If you’re a senior voter living in Maine, compare and contrast the actions of the Republican and Democratic candidates for governor.
Mike Michaud, Maine’s Democratic candidate for governor, has a long distinguished history of supporting Maine seniors. He has staunchly opposed Republican efforts to privatize Social Security and Medicare. As a U.S. congressman, he introduced legislation that would allow the federal government to negotiate with drug companies for lower prices but was thwarted by Republicans. Day after day, Michaud has introduced or supported a string of votes that protect Maine’s seniors.
Then there is Gov. Paul LePage, who recently lumped Social Security and Medicare in a diatribe of his, calling them “welfare.” (And he is still trying to backtrack on that after the outcry from Mainers.) He attempted to cut Meals on Wheels. He tried to cut funding for the Drugs for the Elderly Program. He vetoed the bill that was meant to increase reimbursement rates to nursing homes. And on and on and on — measures that would harm seniors.
Maine has the oldest population in the nation, and this governor does nothing but veto good bipartisan legislation, then cries that he is “misunderstood.” Soon even his base is bound to catch on.
I’m voting for Michaud, a man who cares not only about seniors but about all Mainers, and who has proven it by his actions.
It takes more than trust to protect children and others from being preyed upon, especially when the predators are teachers, coaches and mentors.
I was in high school when one of my coaches initiated me into the world of adulthood. I regret that I did not have the courage, confidence or mindset to tell anyone.
Thirty years later, his predatory pattern is clear to me, this “trusted man” was not just a teacher, coach and mentor, but an abuser.
Nearly every week there is a story in the news reporting sexual abuse of a minor. It goes on despite the fact that there is heightened social awareness of it and stronger Maine laws, including laws that now support those under 18 years old and the elimination of a statute of limitations.
It is crucial that parents, children, teens and peers talk about ways to handle abusive situations without shame, guilt or fear of punishment. Not all stories of sexual abuse are sensational, yet the power imbalance that can lead to such abuse is in every school, and the effects on victims are lasting. We cannot always trust that an adult will act appropriately, and a young person is not always the best judge of what counts as appropriate. We must be vigilant.
If something makes you uncomfortable or doesn’t seem right, ask a question. Sometimes a simple intervention is all it takes to disrupt a potentially damaging situation and protect the future of a young person, so they may make their own choices and feel safe doing so.
I am amazed that a third of Maine’s voters still support Gov. Paul LePage after all he has done to tarnish Maine’s strong reputation for tolerance and civility. We are now known across the country for having elected the nation’s craziest governor, one whose temperamental outbursts and crude insults are legendary fodder for late-night comedians.
The governor seems to forget that tourism is our No. 1 industry and largest employer, and it’s a good bet that tourists are not drawn here to find a better fast food restaurant or big-box store. They come to enjoy our clean lakes and rivers, our vast forests, our bold and dynamic coastline.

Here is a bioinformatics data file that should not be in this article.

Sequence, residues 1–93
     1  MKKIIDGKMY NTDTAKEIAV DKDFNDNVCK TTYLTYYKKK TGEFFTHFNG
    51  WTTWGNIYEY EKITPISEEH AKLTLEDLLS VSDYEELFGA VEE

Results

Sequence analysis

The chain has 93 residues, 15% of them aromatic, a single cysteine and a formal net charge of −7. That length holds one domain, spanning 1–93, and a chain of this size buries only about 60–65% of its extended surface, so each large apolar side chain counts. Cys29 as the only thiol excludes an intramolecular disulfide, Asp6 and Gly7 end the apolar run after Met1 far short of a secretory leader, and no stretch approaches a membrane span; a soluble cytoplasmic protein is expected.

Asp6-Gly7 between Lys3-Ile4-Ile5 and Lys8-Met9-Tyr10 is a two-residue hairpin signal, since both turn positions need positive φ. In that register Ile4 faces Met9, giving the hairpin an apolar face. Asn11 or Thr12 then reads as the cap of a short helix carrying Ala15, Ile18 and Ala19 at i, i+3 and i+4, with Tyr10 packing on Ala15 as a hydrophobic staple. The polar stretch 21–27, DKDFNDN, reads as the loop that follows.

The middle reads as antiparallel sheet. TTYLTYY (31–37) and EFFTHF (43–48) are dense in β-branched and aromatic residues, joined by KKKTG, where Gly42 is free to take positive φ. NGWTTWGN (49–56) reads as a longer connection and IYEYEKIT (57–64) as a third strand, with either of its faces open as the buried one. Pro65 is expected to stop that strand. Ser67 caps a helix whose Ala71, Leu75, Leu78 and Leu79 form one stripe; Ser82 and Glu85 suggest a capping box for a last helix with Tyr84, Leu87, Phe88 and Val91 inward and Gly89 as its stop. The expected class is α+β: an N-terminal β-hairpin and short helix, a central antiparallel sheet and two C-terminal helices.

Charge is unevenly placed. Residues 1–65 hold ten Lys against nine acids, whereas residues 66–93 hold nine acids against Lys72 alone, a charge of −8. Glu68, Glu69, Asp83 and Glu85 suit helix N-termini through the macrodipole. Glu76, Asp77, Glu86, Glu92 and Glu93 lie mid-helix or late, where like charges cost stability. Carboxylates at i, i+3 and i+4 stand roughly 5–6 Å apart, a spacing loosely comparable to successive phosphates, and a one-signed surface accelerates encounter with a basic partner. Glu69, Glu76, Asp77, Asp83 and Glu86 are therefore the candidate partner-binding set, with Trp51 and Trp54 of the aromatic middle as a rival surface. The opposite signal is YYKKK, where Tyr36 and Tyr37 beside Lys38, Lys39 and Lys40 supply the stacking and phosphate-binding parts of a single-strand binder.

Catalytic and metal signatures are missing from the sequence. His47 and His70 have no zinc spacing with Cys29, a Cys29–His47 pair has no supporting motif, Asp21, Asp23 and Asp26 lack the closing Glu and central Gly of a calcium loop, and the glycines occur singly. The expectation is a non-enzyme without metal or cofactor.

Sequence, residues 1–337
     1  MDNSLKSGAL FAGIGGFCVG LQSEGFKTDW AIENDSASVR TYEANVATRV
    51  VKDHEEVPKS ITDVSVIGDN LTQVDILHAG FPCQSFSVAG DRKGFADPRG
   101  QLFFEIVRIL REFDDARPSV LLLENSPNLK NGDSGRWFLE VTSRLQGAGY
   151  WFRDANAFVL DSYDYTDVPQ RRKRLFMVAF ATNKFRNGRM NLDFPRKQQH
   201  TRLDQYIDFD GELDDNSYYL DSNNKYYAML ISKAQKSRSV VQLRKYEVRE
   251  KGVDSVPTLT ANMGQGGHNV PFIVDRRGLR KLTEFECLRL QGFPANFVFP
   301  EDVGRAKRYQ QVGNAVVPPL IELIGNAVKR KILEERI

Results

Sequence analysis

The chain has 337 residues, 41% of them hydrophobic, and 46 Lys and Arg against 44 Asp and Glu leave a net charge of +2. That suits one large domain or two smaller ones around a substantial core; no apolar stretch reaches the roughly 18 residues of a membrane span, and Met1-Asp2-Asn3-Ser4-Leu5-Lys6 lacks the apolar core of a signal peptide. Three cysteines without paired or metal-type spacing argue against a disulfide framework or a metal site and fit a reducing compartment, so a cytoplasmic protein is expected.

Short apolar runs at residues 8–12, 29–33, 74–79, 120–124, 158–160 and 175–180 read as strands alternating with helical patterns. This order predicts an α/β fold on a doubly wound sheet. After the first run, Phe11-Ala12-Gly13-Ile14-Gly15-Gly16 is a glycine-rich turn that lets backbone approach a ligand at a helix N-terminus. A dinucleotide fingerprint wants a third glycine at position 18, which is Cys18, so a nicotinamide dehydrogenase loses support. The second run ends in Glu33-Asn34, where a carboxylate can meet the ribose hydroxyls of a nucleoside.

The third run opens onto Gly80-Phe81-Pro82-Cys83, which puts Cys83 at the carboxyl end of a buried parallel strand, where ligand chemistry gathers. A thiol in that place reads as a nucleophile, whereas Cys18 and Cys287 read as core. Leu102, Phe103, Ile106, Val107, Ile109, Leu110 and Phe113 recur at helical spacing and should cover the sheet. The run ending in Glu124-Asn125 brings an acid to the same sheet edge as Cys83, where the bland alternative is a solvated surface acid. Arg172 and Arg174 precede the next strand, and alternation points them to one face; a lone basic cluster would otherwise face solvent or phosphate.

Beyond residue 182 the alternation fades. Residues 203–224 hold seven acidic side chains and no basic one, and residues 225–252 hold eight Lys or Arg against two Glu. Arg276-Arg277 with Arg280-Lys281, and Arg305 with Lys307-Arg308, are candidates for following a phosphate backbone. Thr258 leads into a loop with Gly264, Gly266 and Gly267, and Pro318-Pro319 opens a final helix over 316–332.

Yet this supposedly business-savvy governor doesn’t understand the strong connection between a healthy environment and a vibrant, sustainable economy. From day one, he has been obsessed with weakening the sensible environmental laws that have helped keep Maine unique. His failed policies have guided Maine to dead last in the country for annual gross domestic product and to a dismal 47 out of 50 in job creation.
Some may find his “my way or the highway” style of governing amusing, and perhaps his temper tantrums are somewhat cathartic to an increasingly angry public. But more and more, his adolescent rages and gross lapses in common sense seem to profile a human who is deeply flawed. And sadly, his long-touted personal story of rags to riches just seems to demonstrate a well-known fact: City streets are no place to raise a healthy child.
As a Canadian, I was pleased to see the July 21 BDN article, “South Portland council casts ‘historic’ vote to block tar sands exports.”
Recent polls in Canada suggest that Canadians are increasingly unhappy with expanded tar sands development because of its environmental degradation and unbalanced effect on our planetary climate. The current Canadian government attempts to suppress these indicators as they champion special interest groups.
There are many Canadians who concur with the position of South Portland, yet our voices are suppressed.
I am so sorry about what happened to Charlie Howard 30 years ago. I did not know about it all these years. These things are not supposed to happen. I — we — would’ve tried to help, believe me.
Howard’s death was not in vain; human life is worth so much more than allowing even one person’s life force to be ripped away in an idle drunken moment. How ghastly. His spirit will not be allowed to just flicker out. On the contrary, he’s still newsworthy 30 years later and will be for years to come.
He has made a difference in many people’s lives; he would be amazed at the strides that have been made in human and gay rights in the ensuing years. Even right there in the great state of Maine.